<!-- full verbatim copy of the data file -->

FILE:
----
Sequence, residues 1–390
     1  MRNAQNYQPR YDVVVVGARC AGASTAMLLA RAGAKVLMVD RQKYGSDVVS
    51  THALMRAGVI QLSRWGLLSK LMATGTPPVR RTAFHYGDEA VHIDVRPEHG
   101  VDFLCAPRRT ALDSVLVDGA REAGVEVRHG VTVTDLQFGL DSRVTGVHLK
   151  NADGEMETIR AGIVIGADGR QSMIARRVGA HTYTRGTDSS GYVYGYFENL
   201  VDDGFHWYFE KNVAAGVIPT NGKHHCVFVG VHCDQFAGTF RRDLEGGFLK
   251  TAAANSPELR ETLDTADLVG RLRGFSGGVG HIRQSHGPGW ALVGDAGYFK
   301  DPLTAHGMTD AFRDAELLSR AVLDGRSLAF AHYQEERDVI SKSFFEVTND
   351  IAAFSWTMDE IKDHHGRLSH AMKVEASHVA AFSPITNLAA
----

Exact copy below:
Sequence, residues 1–390
     1  MRNAQNYQPR YDVVVVGARC AGASTAMLLA RAGAKVLMVD RQKYGSDVVS
    51  THALMRAGVI QLSRWGLLSK LMATGTPPVR RTAFHYGDEA VHIDVRPEHG
   101  VDFLCAPRRT ALDSVLVDGA REAGVEVRHG VTVTDLQFGL DSRVTGVHLK
   151  NADGEMETIR AGIVIGADGR QSMIARRVGA HTYTRGTDSS GYVYGYFENL
   201  VDDGFHWYFE KNVAAGVIPT NGKHHCVFVG VHCDQFAGTF RRDLEGGFLK
   251  TAAANSPELR ETLDTADLVG RLRGFSGGVG HIRQSHGPGW ALVGDAGYFK
   301  DPLTAHGMTD AFRDAELLSR AVLDGRSLAF AHYQEERDVI SKSFFEVTND
   351  IAAFSWTMDE IKDHHGRLSH AMKVEASHVA AFSPITNLAA